Comparing Living Trusts and Wills

Legal Tips and Resources

A vast number of people don’t pay enough attention to estate planning. Although many people take the time to create wills, fewer people will create trusts, and most don’t how trusts work. These are some reasons to consider putting your assets in a trust:

  • You have children
  • You have a disabled dependent
  • You want to grow your money
  • You want your heirs to avoid probate
  • You want to protect your privacy
  • You want final say over your assets

What is a Living Trust?

A living trust is a legal entity that holds an individual’s assets on behalf of a beneficiary and is managed by an appointed trustee. The person that establishes the trust, the grantor, can also serve as trustee. Living trusts can be revocable or irrevocable. A grantor can change or cancel a revocable trust at any time but relinquishes all rights to assets in an irrevocable trust.

Benefits of Living Trusts 

The most significant advantage of living trusts compared with wills is that they avoid probate after the grantor’s death. Probate is the process of authenticating wills in court and distributing assets. It can be very costly and time consuming for heirs and does not offer privacy as it is a matter of public record.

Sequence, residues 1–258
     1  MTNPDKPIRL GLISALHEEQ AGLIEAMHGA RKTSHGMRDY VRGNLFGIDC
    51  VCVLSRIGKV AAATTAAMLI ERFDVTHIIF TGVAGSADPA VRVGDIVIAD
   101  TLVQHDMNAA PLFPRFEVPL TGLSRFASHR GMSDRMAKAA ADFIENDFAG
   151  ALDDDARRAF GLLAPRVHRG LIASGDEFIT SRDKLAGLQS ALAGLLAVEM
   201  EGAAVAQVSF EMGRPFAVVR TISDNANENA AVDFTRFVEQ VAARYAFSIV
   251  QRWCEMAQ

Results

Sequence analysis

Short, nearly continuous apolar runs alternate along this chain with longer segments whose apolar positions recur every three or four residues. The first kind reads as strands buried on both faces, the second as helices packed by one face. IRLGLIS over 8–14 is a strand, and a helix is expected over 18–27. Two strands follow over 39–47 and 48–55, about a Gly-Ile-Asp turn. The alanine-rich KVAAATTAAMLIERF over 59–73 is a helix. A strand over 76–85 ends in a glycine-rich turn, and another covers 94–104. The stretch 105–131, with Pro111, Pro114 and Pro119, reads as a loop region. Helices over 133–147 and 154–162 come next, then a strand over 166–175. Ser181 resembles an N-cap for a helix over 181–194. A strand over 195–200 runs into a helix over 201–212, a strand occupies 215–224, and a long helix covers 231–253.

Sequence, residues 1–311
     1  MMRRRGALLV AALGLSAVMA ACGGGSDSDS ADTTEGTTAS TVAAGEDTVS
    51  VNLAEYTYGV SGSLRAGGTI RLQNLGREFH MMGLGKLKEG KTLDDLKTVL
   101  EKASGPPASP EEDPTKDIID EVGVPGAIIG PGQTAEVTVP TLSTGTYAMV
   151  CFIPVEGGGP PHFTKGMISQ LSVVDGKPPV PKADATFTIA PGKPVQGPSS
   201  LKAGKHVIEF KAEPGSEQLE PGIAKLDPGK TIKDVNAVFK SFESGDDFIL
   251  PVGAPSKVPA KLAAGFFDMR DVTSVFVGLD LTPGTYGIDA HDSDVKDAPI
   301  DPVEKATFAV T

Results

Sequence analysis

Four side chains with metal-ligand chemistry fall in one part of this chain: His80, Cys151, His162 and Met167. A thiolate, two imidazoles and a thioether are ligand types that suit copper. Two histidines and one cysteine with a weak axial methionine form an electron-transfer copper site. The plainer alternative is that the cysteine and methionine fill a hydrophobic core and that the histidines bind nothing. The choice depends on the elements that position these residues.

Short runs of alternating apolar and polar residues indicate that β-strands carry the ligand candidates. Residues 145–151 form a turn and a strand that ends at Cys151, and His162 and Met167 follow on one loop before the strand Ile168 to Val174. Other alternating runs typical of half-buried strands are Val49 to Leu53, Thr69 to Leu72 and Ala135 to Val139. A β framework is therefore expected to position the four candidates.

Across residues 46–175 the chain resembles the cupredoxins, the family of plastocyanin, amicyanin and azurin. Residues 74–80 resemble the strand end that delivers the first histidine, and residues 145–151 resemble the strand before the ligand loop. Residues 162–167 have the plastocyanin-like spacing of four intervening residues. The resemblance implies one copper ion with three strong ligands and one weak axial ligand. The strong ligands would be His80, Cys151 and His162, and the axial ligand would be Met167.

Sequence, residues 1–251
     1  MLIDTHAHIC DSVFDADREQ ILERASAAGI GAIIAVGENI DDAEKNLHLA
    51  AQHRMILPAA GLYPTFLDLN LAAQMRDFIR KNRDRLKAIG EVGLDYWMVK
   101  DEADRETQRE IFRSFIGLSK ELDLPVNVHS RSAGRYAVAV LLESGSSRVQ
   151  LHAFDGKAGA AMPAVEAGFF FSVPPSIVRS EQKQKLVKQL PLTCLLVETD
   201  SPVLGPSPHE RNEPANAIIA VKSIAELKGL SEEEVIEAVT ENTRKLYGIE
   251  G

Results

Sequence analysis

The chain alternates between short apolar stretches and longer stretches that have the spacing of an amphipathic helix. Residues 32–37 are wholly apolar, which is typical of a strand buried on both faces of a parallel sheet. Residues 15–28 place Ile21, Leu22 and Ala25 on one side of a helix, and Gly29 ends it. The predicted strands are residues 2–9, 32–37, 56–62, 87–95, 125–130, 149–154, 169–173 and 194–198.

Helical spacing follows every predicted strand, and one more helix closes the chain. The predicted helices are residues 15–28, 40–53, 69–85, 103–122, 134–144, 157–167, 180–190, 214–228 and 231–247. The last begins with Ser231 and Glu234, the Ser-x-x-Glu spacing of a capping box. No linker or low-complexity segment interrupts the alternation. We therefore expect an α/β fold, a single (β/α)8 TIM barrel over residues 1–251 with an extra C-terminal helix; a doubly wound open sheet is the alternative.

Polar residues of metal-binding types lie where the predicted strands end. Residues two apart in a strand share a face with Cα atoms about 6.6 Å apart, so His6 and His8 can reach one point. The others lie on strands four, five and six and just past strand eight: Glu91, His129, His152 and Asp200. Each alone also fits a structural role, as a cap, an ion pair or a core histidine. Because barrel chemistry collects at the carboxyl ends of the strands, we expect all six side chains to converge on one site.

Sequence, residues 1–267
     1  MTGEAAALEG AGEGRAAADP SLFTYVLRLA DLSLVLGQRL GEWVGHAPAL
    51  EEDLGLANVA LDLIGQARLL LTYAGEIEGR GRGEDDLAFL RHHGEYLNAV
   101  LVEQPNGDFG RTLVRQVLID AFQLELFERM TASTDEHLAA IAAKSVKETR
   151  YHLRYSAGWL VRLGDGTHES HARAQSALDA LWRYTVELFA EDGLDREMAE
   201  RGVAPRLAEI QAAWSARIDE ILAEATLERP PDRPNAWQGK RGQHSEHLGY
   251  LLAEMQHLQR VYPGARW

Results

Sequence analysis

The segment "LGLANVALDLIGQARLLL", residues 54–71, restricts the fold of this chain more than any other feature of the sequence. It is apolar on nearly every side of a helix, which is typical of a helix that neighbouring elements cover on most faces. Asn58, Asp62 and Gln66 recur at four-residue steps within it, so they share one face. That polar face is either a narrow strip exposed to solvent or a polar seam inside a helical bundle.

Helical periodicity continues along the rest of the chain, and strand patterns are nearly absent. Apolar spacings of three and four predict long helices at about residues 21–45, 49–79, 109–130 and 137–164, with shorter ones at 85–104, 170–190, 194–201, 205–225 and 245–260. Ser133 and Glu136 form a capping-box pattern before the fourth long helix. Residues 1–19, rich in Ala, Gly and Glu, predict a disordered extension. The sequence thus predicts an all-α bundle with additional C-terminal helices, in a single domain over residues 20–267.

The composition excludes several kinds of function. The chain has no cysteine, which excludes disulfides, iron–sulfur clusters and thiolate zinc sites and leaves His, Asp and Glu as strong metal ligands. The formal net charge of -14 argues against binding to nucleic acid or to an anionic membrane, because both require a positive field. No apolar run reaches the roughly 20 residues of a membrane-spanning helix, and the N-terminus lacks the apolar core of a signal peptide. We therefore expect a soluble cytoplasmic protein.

Unlike a will, after the grantor’s death, a living trust allows immediate distribution of assets based on the grantor’s specific instructions. For instance, for beneficiaries who are minors, the grantor can stipulate that trust funds must be used only for future education expenses, or house purchases.

Assets in revocable trusts earn interest. Living grantors can become beneficiaries, using funds from these interest-bearing trusts to cover ongoing healthcare expenses. Assets in irrevocable trusts can pay for continuing healthcare for disabled beneficiaries after a grantor’s death, and still allow the fund’s recipient to qualify for government assistance.

Disadvantages of Living Trusts

Although revocable living trusts earn substantial interest, those earnings are taxable grantors, who must pay higher taxes than those due from other interest-bearing accounts. Irrevocable trusts do not require tax payments, but they do require grantors to relinquish all assets to beneficiaries.

One of the most significant disadvantages of living trusts for people with minor children is that they don’t allow guardianship provisions. Only a will can establish guardianship.